What’s My Number?

Q. I brought my mobile phone (and the number) with me to this company 4 years ago. I used the cell phone for work, and customers called me on this number. I just got laid off. The company did not allow me to port my original personal mobile number when I left, because they paid for the phone service. Is there a MA state or federal law which allows me to keep my original personal mobile number that I brought with me to the company? The company claim is that it was used as a business number and that people may continue to call me as a non-employee. Don’t I own this number?

A. The lines continue to blur between private and work life, and private and work property. Phone ownership has come full circle. People had two cell phones, so they didn’t confuse personal and work business — they then simplified and consolidated to one mobile phone for both. As people eliminated their land lines and lost their “home” or personal phone number, many people returned to a private and work mobile phone.

“It is not clear that you do own the number and depending on the circumstances the employer may be able to retain the number,” says Attorney Dave Wilson, an employment attorney at Hirsch Roberts Weinstein, LLP. In November 2003 the Federal Communications Commission (FCC) instituted “wireless local number portability” (WLNP) rules. WLNP allows wireless subscribers to change wireless carriers within a given geographic area and keep the same phone number. If you move to another geographic area you may not be able to take your mobile number with you.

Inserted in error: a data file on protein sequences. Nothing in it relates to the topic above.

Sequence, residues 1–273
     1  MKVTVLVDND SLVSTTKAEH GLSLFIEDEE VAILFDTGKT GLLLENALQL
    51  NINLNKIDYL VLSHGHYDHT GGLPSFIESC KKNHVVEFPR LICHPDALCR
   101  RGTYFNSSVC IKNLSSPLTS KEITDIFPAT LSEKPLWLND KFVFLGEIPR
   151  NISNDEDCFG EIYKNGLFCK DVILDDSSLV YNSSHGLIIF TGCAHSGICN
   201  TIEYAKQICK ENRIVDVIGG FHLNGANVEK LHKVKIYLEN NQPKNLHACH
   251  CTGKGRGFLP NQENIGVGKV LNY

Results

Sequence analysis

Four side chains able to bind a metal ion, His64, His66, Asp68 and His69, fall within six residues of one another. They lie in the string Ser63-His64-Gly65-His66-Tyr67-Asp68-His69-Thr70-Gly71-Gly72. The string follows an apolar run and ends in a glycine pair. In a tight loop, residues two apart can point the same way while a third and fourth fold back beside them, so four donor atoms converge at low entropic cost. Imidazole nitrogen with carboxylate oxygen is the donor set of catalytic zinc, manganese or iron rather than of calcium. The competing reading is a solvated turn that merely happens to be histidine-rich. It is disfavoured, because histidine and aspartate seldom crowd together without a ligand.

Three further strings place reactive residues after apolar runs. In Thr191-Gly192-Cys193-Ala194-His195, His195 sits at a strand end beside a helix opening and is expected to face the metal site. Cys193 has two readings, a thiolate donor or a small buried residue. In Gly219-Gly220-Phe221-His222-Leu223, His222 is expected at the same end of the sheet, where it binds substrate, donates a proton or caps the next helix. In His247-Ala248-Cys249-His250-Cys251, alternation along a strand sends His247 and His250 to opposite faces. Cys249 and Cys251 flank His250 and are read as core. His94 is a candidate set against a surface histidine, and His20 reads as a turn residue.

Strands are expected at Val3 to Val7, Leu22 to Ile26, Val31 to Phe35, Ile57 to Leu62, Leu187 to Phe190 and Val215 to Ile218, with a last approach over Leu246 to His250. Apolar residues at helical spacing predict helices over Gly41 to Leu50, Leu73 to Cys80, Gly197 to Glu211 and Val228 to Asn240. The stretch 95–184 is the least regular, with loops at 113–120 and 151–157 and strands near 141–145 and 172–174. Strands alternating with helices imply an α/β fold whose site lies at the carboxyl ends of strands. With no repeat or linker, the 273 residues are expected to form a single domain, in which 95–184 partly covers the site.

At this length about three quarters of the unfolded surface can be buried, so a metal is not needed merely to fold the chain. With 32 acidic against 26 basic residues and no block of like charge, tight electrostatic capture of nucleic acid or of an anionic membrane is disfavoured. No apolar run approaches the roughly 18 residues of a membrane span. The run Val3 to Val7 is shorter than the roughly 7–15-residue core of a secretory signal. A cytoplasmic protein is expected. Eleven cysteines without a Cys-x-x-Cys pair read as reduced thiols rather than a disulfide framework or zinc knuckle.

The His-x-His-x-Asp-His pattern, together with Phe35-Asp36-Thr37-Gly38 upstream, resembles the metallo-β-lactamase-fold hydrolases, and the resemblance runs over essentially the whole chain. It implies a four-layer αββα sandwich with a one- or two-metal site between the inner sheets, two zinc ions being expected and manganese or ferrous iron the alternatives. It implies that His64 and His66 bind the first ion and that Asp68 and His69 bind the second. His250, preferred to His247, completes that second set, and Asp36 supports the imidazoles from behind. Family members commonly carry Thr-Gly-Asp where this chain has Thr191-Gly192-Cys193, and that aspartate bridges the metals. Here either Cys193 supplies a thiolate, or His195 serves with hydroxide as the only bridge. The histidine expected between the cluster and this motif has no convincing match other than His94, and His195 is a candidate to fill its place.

Even though the employee brought her phone with her, the company has paid for the telephone service for the past 4 years. When she left, the cell phone would have been on a company service contract. Presumably the company could cancel the contract even if they could not get the cell phone back from the employee. If the bills went directly to the business, as opposed to them reimbursing the employee, then it would seem that the ownership of the number may have been transferred to them.”

Employers could have a legitimate business interest in keeping the number. If the employee is in sales and her current customers have her cell phone number, then it would be in the employer’s interest to have the cell phone number stay with the company so the company’s customers’ calls would not be intercepted by the former employee when those customers intended to call the company.

An employer could legitimately bring claims against an employee who tried to take the mobile number when the mobile service contract was paid for by the employer many things including the theft of the employer’s goodwill.

Documenting who owns what, and the expectations employees and employers have will help avoid issues which may become legal claims.

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